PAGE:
About half of ground chicken is contaminated with Salmonella, but the bacteria is typically killed with proper cooking. It can cause food poisoning in consumers who mishandle or undercook poultry. The new rules are aimed at reducing contamination levels to about 25% of tested samples.
The proposed federal regulations would include ground chicken and turkey as well as raw breasts, legs, and wings.
The acceptable level of Salmonella in raw chicken parts would be reduced to 15.4% from 24%. The rate of Campylobacter in raw chicken parts would be reduced to 8% from 22%. Acceptable contamination levels would also be reduced for ground chicken and turkey.
Sampling would also be done over a longer period of time to improve accuracy.
Unlike contaminants like E. coli in ground beef, the USDA allows some level of Salmonella and Campylobacter because poultry is not typically eaten rare or medium-rare like steak.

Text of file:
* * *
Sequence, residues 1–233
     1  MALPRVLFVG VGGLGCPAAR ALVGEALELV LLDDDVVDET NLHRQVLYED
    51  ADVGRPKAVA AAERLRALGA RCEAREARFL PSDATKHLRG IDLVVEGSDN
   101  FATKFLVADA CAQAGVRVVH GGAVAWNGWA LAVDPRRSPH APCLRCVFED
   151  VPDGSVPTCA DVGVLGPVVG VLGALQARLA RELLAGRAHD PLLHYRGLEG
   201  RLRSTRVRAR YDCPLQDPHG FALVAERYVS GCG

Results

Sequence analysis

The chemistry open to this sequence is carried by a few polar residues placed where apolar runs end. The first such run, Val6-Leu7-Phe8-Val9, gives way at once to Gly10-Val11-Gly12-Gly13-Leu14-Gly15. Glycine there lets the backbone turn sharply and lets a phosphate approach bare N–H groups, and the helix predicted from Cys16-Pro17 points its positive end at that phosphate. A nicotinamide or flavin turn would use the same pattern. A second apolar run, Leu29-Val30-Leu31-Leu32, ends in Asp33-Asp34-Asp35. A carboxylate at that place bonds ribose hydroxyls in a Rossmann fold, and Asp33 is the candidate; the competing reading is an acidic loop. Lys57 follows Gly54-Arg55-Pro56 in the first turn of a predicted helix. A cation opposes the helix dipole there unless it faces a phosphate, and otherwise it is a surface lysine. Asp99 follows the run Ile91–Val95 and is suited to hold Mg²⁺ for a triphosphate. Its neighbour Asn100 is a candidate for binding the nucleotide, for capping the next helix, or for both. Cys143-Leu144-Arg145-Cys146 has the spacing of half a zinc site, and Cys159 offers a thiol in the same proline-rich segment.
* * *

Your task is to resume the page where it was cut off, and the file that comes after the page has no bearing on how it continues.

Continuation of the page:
Even so, about 1 million cases of salmonellosis and 1.3 million cases of campylobacteriosis are reported every year in the United States, according to the Centers for Disease Control (CDC).
The USDA believes they can prevent an average of 50,000 cases of food poisoning every year by reducing consumer exposure to Salmonella by at least 30% and Campylobacter by at least 19-37%.
The proposal follows an outbreak of salmonellosis in 2013 and 2014 linked to chicken from Foster Farms. More than 600 people were infected, including 40% who were hospitalized. The outbreak was exacerbated because the strains of Salmonella were antibiotic-resistant.
The proposed regulations do not address antibiotic-resistant strains of Salmonella, which some critics have argued should be banned like E. coli.
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